I lived in Great Britain for three years (1994-1997) and have first-hand experience with the National Health Service. Needless to say, I was not impressed. They do fine with child-birth and then abandon older people to their own fate. Nationalized health care is rationed health and do not let anyone tell you differently. When you become old enough, the health service you spent your whole life paying into abandons you in your time of greatest need. Now we have a stark example of this.
Wesley Smith has a blog entry on this. It will make you sick. According to the British newspaper, The Daily Mail, a desperate hospital patient died after he was denied hydration by the hospital. To get hydration, he called the police and begged them to bring him a drink. The patient, Kane Gorny, 22, needed drugs to regulate his hormone levels after successfully beating brain cancer months earlier. However, during a further hospital stay nurses forgot to give him his medication and he became so delirious he was forced to call 999 (the UK equivalent of 911) to ask for help. The police officers went to St George’s Hospital in Tooting, south London, but were turned away by staff who insisted that Mr Gorny was fine. Gorny had been admitted in May 2009 to undergo hip replacement surgery after his bones became brittle. This was a side-effect of his prescribed steroids. Kane’s mother, Rita Cronin, said she spent hours trying to convince hospital staff that Kane needed urgent attention but was repeatedly “told he was alright.” See http://www.dailymail.co.uk/news/article-2167643/Patient-dying-thirst-rang-999-Inquest-hears-mothers-fury-nurses-neglected-son.html for the article.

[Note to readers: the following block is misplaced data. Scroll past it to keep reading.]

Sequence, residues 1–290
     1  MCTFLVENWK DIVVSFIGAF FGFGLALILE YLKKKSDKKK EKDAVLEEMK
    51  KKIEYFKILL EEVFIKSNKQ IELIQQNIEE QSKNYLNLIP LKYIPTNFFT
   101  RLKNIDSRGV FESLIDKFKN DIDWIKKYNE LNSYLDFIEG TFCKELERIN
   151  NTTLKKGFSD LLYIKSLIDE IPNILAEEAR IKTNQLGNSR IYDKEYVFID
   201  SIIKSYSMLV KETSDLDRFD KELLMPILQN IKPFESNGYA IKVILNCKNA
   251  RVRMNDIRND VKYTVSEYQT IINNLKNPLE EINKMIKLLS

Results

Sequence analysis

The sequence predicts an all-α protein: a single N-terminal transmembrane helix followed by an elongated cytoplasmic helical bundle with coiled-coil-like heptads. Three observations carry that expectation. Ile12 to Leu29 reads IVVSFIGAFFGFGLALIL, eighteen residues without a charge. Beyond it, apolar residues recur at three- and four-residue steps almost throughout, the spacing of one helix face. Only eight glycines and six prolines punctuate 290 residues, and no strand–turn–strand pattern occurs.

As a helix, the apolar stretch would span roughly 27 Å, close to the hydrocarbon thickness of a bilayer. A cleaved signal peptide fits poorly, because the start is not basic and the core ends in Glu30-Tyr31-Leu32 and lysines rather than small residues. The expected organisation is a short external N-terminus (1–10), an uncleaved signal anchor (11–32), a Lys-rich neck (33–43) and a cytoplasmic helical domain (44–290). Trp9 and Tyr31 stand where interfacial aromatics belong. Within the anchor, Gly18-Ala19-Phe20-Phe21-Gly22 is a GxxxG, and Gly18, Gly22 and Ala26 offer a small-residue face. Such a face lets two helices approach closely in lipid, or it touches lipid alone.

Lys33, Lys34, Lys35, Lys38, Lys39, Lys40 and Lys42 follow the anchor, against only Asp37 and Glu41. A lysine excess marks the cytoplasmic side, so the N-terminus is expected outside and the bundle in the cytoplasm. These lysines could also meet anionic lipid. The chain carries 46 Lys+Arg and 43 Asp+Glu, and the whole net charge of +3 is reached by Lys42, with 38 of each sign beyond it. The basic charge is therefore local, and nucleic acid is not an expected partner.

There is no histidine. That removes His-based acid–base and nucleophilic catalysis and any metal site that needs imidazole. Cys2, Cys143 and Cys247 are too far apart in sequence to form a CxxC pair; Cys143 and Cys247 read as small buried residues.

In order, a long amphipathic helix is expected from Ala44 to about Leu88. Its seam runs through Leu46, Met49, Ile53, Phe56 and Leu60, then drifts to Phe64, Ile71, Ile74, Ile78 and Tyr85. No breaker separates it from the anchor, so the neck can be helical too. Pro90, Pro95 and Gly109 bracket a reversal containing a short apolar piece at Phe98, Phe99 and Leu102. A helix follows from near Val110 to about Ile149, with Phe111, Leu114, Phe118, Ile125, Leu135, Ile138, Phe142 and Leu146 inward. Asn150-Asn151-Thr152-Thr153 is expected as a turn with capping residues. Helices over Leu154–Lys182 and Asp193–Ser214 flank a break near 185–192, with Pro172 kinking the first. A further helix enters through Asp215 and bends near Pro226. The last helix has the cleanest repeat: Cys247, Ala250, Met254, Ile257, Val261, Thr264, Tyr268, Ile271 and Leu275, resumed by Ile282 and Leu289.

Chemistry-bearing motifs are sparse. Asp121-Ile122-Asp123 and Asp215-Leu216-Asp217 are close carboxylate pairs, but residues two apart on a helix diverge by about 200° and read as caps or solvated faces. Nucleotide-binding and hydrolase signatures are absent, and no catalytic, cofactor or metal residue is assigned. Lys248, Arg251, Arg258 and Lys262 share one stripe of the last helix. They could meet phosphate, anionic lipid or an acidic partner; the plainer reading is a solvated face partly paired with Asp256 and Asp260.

An inquiry into the matter has been initiated by the Crown Prosecution Service at the behest of Gorny’s parents. Kane Gorny had surgery on his pituitary gland, and he had problems regulating his levels of salt and water in his system. Pituitary surgery commonly damages that back part of the pituitary gland and this prevents the release of antidiuretic hormone (ADH, also known as vasopressin). Without ADH, patients have a condition called diabetes insipidus, and they need to take exogenous ADH. Without exogenous ADH, the patient will urinated themselves to death. The nurses failed to give him his medicine, and dismissed his concerns and the concerns of his mother. Because he was so dehydrated, Kane called the police to get some fluid, but the nurses at the hospital dismissed them. He died from dehydration and abnormally sodium levels. His death was almost certainly a painful one.
The inquiry will probably result in some nurses being sacked (British for fired), but the status quo will probably be maintained. This kind of abuse is more routine in the British Health System than they would probably admit. Doctors have even started to prescribe water to elderly patients to prevent them from dying from dehydration. Is this what we want for the US?